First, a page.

Saturday, August 14, 2021

Mississippi Supreme Court Rejects Claims By Pastor's Former Wife Against His Church On Unusual Facts

In Woodard v. Miller, (MS Sup. Ct., Aug. 12, 2021), the Mississippi Supreme Court applied the ecclesiastical abstention doctrine in an unusual context.  Plaintiff Kim Miller married Andrew Johnson when he was a seminary student studying to be a United Methodist Church minister. Church officials encouraged Miller to give up her higher education plans to serve as a minister's wife, and told her that the church would provide for her needs. After more than 20 years of marriage, Miller filed for divorce. She took this step after Johnson confessed to her that he was gay, had contracted HIV from an extramarital affair, and had infected Miller.

Miller sued her ex-husband, the United Methodist Church Conference and a fellow-pastor asserting a variety of claims. She asserted that "had the conference and the fellow minister followed United Methodist policy and procedure, they would have discovered Johnson’s behavior and remedied it or warned Miller before she contracted HIV."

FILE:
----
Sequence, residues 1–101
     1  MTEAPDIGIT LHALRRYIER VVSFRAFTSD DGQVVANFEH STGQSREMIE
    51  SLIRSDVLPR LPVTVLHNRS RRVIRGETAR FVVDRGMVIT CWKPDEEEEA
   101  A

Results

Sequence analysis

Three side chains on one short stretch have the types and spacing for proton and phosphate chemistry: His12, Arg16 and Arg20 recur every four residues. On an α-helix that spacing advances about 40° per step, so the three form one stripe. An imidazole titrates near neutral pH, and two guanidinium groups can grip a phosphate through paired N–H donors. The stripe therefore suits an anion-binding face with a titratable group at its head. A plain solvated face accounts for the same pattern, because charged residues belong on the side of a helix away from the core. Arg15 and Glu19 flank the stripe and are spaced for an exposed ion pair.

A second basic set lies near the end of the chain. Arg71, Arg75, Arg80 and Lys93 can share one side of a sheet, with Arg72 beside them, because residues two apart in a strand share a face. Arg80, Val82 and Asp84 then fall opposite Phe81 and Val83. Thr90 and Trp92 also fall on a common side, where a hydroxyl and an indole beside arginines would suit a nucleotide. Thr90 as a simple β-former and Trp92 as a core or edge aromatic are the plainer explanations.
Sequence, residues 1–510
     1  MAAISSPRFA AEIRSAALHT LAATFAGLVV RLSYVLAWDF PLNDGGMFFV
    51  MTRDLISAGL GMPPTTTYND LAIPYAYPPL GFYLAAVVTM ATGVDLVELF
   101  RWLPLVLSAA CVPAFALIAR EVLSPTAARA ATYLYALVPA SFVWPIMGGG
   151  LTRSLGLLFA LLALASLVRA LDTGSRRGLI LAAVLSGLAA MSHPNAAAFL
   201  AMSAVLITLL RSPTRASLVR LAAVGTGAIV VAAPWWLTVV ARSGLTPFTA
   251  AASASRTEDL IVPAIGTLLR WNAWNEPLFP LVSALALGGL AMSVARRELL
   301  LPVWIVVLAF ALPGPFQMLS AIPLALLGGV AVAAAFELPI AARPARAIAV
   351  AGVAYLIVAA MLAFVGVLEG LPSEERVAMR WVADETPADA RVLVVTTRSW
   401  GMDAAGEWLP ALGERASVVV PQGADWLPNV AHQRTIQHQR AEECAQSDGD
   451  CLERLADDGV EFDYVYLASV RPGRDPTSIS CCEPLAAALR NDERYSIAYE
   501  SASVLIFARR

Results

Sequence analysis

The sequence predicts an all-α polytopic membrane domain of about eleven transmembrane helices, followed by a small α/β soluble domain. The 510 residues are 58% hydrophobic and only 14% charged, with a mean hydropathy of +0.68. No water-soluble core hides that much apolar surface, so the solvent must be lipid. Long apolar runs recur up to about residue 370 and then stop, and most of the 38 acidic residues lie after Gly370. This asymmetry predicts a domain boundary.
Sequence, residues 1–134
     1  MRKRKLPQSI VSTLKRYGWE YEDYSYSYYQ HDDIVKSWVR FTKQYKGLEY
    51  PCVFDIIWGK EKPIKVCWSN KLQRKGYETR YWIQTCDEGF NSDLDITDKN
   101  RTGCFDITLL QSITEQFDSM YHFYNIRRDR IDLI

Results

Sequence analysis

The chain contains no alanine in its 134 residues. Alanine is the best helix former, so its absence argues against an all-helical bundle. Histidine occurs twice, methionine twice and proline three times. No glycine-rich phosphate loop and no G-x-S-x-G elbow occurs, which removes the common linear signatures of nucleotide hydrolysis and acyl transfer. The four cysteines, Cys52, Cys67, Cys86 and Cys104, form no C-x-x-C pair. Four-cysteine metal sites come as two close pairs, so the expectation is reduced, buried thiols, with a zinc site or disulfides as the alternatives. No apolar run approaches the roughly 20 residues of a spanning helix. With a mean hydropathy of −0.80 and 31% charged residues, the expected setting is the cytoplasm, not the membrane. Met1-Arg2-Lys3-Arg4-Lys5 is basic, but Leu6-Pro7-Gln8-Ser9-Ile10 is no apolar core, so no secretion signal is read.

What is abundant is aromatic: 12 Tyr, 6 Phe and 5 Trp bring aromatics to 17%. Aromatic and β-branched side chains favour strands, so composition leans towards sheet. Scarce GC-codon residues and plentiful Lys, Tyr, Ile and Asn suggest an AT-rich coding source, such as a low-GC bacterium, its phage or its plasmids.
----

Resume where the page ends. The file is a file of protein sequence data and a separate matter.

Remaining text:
The court dismissed plaintiff's claims against the church, saying in part:

[U]nder the First Amendment, for Miller’s claim to proceed against MUMC, the claimed assumed duty cannot be religious or ecclesiastical in nature.... And we are hard-pressed to see how Miller’s claim would hold up if it were against a non-religious employer. Though Miller personally interpreted MUMC’s promise to provide for her and her family if she gave up her own career goals as both an assurance of sufficient financial remuneration and a guarantee against her husband committing adultery, such an interpretation would be considered wholly unreasonable if the promise was being made by, say, a law firm, a hospital, or a technology company. In other words, Miller interpreted the assurances of MUMC ministers as including guaranteeing the success of her marriage and family life precisely because her fianc√© was going into church ministry. Thus, her claim fails because the religious nature of his employer cannot be the basis for recognizing a legal duty....

The court dismissed Miller's claim against the fellow-pastor because: "a fiduciary duty cannot arise merely from a minister-church member relationship."

Finally, the court, over the dissent of two judges allowed plaintiff to move ahead on her claims against her former husband, rejecting his defense that the claims against him were released as part of the divorce settlement. The majority held that Johnson had waived this defense.